Of course, like everything else, even these ideas should not be hard and fast rules cutting you off from enjoying yourself. If, for example, your four year old daughter is begging you for strawberries and cucumbers in the middle of February, well, it might be worth it to buy them for her, as I often do, particularly if there are already smart puffs in the cart. As always, it is the fun to be had with eating local that really keeps me at it and it is that process that I hope to share in this blog.
One last thing I want to add is that much of what I have to say here can be applied almost anywhere. I just happen to live here in the Pacific Northwest and so this is where I am doing what I am doing! Happy eating!
Posted by Jessica Huber Butler at 7:26 PM
Here is Samuel taking apart our old printer. And to think I was going to take it be recycled. A near miss to be sure. Yesterday he took apart the old coffee maker and a flash light, an old mouse and a calculator we bought back in Kansas that never turned on properly. All were slated to be recycled but were turned into a very fun day for Samuel. He gives me the plastic that is left over so that I can recycle it all next week at the great plastics roundup!
Here is Eva dressed up in her princess outfit. She is spraying her hair with detangler so that she can comb it out and cut some more off. All the while she is immersed in a royalty game using words like, "we are not amused" and "don't you think, dear" and "you mean you don't know what peculiar means, dear?"
Here comes spring. Our first bulbs pop up. Jack with a giant carrot from our garden!
Cats loving the sunshine! Agnes and Maxwell. Magoo still sits on the heater to keep warm.
I made a lovely crisp with blackberries and apples and some bread. The kids loved the bread with raspberry jam from the summer.
The rec center has a time each week for homeschoolers to come and use the open gym. So here we are with our friends Kate and Jack. We brought hippety hops and have since acquired more for just such occasions.
The seasons are on the move again. There are more rainbows again and days filled with sun then showers, sun then showers. Some of the first signs for me are the emergent bulbs and the birds. There are dozens of robins flocking all over this berry bush that I can see out the window from the computer. If you go out to get a picture of them they fly off in a spectacular whoooosh. There are red-winged black birds back at the feeder again and calling around the water at the park. And the geese have started their daily flights up and around the neighborhood, sometimes twice a day or more, calling back and forth to one another. I try to make it outside for each flight because it is quite dramatic and when they are gone they are really gone. I remember being shocked last year when I realized they weren't around anymore for their daily flights. And! I have seen hawks in our yard twice, sitting on the fence and in the maple! How exciting! They must come for the view of the bird feeder. Maybe a male red-tailed hawk, I am not sure. A little small to be a female. I only suggest the red-tailed hawk because I know of some that nest in the park nearby. But it could be a Sharp shinned or Coopers hawk as well. Not sure. Still lots of fun. We are off to Sauvie Island Saturday to do some raptor watching with the local Audubon society. I am really looking forward to it!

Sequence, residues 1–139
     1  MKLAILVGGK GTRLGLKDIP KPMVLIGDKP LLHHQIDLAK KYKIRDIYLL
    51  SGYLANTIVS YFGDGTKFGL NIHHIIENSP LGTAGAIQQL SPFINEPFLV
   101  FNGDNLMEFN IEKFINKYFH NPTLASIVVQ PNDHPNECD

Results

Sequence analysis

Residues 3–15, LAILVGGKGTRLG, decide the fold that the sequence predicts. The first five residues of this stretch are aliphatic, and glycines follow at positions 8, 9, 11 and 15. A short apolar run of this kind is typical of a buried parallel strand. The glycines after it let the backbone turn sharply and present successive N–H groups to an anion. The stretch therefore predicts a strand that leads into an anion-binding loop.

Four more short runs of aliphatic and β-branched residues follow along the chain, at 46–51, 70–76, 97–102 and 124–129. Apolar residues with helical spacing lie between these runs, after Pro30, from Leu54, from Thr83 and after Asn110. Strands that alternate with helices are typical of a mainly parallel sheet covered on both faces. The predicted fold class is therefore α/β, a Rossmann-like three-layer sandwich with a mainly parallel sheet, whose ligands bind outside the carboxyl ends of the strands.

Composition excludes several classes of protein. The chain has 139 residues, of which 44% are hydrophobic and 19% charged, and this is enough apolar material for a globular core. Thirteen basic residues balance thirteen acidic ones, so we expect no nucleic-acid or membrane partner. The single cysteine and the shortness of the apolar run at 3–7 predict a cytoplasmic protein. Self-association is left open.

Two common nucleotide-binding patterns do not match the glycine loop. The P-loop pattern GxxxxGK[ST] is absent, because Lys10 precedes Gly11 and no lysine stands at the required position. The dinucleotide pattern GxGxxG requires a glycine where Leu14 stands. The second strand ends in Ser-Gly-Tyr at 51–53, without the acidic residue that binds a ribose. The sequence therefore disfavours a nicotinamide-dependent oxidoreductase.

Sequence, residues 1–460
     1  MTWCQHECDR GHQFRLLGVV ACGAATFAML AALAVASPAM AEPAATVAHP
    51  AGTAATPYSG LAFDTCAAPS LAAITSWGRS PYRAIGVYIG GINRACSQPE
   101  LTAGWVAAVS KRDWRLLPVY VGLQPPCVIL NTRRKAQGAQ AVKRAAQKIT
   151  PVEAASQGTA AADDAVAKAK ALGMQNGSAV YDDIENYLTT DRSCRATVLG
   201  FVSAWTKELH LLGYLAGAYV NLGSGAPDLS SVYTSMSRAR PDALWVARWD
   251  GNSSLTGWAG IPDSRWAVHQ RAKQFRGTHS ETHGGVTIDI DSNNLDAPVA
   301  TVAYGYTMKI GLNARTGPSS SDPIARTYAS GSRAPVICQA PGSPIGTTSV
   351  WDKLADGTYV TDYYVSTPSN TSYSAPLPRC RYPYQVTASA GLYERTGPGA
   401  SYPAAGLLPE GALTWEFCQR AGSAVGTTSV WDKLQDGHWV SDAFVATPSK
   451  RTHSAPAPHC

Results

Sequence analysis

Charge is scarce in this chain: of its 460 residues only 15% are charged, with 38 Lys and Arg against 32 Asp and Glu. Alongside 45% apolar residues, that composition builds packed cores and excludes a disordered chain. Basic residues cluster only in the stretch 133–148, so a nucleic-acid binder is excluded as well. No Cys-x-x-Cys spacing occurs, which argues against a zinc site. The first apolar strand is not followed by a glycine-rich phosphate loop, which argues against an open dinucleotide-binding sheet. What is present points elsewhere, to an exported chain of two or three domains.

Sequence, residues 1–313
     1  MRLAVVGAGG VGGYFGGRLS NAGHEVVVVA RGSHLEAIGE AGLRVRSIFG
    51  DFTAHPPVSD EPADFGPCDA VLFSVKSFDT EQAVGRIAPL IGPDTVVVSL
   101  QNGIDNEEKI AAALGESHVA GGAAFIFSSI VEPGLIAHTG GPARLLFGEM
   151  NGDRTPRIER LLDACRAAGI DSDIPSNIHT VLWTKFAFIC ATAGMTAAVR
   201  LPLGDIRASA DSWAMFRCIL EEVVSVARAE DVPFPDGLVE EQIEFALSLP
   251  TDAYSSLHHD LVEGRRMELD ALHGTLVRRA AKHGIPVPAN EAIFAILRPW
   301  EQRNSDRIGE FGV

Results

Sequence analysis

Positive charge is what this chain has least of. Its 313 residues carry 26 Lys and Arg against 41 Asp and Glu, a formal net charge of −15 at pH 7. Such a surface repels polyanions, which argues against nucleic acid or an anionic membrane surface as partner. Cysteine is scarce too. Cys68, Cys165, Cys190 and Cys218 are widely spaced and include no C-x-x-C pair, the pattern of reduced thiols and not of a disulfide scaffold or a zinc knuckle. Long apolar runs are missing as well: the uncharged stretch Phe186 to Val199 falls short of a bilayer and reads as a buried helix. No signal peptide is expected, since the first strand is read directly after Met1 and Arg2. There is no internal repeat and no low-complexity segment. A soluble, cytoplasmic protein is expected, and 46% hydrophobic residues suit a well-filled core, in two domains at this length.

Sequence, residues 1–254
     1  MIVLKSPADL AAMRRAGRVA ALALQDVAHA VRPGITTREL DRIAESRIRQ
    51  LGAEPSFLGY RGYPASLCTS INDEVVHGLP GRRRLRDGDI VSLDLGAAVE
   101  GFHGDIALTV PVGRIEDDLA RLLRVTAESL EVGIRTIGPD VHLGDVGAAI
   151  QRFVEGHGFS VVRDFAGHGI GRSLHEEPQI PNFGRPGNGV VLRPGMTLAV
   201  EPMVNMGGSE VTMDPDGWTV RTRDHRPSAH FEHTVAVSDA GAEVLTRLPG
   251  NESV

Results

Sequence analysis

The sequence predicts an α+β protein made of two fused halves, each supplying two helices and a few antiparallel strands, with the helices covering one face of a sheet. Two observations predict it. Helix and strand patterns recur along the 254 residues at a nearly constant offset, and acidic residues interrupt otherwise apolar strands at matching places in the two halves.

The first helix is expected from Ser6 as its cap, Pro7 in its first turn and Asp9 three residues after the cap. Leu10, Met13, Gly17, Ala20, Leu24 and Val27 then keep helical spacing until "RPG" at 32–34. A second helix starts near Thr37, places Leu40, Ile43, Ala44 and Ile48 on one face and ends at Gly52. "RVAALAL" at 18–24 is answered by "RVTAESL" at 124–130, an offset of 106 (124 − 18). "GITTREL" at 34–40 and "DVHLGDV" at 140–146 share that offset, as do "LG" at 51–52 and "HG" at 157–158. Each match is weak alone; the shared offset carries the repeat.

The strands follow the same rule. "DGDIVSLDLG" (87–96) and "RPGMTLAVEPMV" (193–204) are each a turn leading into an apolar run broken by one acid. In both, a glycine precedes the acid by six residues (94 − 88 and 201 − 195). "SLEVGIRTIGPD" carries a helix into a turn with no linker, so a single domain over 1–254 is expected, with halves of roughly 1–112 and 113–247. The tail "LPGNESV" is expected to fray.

The kids and I were so excited to get our tags from the DMV and Samuel wanted to put them on himself. High fives all around. What an ordeal. I feel lighter than air and so free today without the weight of an unregistered vehicle on my hands. Almost as though I didn't have anything to do. And of course we ran errands today and were giddy with the knowledge that the little tag on the car reads 12/09. And everything else that has been tricky with our little car over the last several months is taken care of as well! Hip Hip Hurray!
Sunday, January 20, 2008
We have been reading some more great books by Dick King-Smith and I am happy to say he has a ton of them so we have lots and lots of reading. The kids are learning quite a bit about England while reading his books because some of them feature royalty, for example, and they are learning things like the Queen of England likes Corgis and all about farm life and more about pigs than you can imagine. One of the last ones we read was The Three Terrible Trins about some mice outfoxing some cats and a man with a glass eye. It was fun. We are currently reading Ace the Very Important Pig. More pig fun with a corgi thrown in.
Eva has been painting and today announced she wanted to be an artist when she grows up. She painted a lovely story about two monsters and herself standing under the sunshine with some beautiful pink flowers and little yellow to liven it up. It is drying right now and we found just the spot to hang it up.
The first bulbs are popping up out front and the wood violets are still blooming since November! I splurged and paid some gardeners to clean up the front yard and you can see all of the little bulbs pushing up. Our oak tree still has some leaves that will probably drop during this next round of wind we are getting during the next couple of days.